In our study, the attitudes of others, especially those of co-workers affected cancer patients’ working status after diagnosis. Although cancer patients receive the most support from their co-workers , they also felt uncomfortable, as the co-workers were too deeply involved in their daily lives. Study participants reported support from their co-workers often felt like a burden and lack of privacy and caused more stress as they had to respond to the support. This might be because of the Korean culture of goodwill. In Korea, people pay attention to others’ life events and personal issues such as cancer diagnosis as they believe it is the way to care for others. However, such attention did not help cancer patients return to work but gave them more emotional distress to disclose cancer diagnosis and continue to work . According to a recent study on co-workers of cancer patients, co-workers expressed difficulties in working with cancer patients as they did not know how to help or behave with them in the light of their co-workers’ emotional struggles . This implies the need for developing an intervention program that can help both the cancer patient and their co-workers at work. A program that teaches how to communicate with co-workers diagnosed with cancers would be necessary for cancer patients and their co-workers. Finally, educating cancer patients and their co-workers will help more cancer patients to return to work and maintain a healthy relationship with their co-workers.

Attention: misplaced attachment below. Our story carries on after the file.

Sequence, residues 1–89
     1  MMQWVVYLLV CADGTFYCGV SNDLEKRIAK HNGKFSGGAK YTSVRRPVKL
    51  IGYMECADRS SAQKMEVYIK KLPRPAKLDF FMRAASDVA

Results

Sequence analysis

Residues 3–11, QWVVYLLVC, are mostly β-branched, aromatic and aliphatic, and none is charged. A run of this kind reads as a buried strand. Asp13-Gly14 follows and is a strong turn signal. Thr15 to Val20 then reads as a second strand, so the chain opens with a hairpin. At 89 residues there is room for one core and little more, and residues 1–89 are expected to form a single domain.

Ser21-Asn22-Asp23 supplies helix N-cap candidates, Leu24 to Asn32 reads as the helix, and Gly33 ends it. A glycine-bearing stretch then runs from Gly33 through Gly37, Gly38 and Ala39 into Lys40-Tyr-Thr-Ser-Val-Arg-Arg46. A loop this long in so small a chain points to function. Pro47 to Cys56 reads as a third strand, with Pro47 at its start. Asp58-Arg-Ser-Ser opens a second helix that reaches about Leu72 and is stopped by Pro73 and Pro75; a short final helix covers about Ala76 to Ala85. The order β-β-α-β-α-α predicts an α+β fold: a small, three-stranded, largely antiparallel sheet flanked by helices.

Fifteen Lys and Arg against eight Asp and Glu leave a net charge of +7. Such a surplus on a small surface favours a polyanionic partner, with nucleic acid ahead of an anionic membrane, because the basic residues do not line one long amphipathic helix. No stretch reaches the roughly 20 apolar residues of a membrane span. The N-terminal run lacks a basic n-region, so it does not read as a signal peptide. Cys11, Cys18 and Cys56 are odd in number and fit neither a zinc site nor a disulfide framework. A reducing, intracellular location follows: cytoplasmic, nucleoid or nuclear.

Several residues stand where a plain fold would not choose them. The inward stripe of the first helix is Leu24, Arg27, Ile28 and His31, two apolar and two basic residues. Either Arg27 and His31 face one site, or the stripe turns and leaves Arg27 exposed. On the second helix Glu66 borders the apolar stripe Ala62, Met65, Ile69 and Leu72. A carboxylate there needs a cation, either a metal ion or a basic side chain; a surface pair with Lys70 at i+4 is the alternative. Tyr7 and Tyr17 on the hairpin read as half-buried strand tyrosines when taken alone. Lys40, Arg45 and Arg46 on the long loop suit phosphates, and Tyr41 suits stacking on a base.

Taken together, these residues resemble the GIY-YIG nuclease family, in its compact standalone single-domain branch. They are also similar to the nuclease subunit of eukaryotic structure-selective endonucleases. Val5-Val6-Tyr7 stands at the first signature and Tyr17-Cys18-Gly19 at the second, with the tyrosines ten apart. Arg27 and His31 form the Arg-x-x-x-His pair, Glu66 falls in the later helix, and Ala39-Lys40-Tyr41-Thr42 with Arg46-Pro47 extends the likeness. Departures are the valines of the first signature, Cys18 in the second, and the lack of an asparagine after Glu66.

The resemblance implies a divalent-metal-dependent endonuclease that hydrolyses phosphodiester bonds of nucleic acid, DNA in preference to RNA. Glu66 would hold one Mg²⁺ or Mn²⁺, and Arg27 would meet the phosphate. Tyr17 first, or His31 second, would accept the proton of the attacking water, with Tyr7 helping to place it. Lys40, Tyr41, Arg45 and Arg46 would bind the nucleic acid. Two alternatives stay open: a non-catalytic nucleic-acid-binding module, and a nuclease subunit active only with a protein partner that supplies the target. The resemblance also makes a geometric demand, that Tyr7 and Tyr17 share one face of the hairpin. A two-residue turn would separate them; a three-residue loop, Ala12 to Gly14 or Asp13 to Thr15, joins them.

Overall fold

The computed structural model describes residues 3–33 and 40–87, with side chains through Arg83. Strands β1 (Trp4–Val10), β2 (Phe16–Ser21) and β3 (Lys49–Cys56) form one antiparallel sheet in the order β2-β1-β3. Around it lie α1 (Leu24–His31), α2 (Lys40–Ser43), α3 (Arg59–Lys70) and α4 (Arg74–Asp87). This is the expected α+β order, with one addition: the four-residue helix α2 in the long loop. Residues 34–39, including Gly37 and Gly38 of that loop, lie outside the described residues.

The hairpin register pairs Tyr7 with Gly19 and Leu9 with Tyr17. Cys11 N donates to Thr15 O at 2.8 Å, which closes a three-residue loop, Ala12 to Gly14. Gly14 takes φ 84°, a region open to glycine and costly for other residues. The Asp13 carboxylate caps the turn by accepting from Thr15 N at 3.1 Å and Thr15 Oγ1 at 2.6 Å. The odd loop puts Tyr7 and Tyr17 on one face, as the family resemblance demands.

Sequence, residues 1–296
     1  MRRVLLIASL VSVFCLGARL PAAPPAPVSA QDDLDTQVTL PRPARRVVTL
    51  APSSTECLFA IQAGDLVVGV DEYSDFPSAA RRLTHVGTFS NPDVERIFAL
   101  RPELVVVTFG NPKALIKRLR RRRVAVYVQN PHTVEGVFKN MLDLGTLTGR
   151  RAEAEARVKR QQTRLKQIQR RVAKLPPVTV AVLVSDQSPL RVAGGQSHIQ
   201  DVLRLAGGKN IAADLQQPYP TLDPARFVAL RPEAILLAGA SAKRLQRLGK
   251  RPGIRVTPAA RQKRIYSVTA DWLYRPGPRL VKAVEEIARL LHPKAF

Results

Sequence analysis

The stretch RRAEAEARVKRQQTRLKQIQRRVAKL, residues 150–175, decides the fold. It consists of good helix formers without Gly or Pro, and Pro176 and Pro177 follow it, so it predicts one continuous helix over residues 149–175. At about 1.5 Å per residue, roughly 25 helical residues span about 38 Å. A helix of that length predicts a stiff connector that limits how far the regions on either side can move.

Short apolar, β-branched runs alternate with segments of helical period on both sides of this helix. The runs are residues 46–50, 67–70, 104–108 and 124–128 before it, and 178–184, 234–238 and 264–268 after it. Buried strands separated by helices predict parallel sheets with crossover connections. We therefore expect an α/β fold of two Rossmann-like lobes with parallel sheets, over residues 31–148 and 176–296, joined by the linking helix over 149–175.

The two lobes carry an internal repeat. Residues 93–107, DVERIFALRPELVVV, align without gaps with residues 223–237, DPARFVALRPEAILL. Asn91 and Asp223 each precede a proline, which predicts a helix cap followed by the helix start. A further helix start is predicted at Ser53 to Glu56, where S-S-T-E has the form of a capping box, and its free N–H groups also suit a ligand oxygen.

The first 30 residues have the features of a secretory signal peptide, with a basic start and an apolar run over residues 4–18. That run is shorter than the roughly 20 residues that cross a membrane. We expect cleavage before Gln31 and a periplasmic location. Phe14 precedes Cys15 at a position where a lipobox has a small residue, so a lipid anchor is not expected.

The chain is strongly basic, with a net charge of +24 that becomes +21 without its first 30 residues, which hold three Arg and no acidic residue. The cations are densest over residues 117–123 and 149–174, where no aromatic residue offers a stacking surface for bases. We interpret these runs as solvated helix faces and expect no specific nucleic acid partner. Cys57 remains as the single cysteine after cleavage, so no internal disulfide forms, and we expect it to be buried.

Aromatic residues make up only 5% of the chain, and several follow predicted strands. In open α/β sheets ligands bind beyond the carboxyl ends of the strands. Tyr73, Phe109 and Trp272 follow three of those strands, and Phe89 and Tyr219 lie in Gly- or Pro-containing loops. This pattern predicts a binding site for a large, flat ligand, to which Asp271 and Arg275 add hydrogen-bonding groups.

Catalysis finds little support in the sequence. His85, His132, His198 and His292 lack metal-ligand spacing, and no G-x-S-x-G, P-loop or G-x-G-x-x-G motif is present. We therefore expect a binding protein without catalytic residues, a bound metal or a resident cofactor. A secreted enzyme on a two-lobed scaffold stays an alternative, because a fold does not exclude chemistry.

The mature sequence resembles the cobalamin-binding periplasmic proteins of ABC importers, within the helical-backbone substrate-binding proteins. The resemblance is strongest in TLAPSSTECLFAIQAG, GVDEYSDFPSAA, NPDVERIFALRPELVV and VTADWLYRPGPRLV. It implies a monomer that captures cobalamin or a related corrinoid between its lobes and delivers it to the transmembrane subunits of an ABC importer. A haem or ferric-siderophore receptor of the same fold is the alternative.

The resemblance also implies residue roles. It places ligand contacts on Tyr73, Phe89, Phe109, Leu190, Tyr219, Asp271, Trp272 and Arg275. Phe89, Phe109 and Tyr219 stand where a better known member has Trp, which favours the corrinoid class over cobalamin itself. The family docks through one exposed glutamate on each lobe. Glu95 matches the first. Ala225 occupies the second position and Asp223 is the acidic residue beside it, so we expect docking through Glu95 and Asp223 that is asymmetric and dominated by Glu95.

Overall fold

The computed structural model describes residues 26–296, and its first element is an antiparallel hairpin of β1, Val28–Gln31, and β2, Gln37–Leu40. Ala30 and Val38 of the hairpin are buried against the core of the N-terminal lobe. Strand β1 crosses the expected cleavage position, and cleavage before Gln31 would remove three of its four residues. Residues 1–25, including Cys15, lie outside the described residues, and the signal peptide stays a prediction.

While many cancer patients stopped working right after cancer diagnosis, some patients tried to keep jobs even with heavy treatment schedule because of financial situation. Patients need to work for paying immediate medical cost and making a living. This was especially true for patients whose income was the major source of household income. In our study, male patients felt more financial burden compared to female patients, and they felt more pressure to continue to work. This is interesting considering the financial burden of medical cost in Korea is relatively low compared to those in other countries as most of the cancer treatments cost is covered by the national health insurance. This might be because of the paternalistic Korean culture which emphasizes that the father is responsible for the family’s living expenses. While more women are at the workplace and share household income, this might be true to cancer patients in our study whose mean age is around 60 years.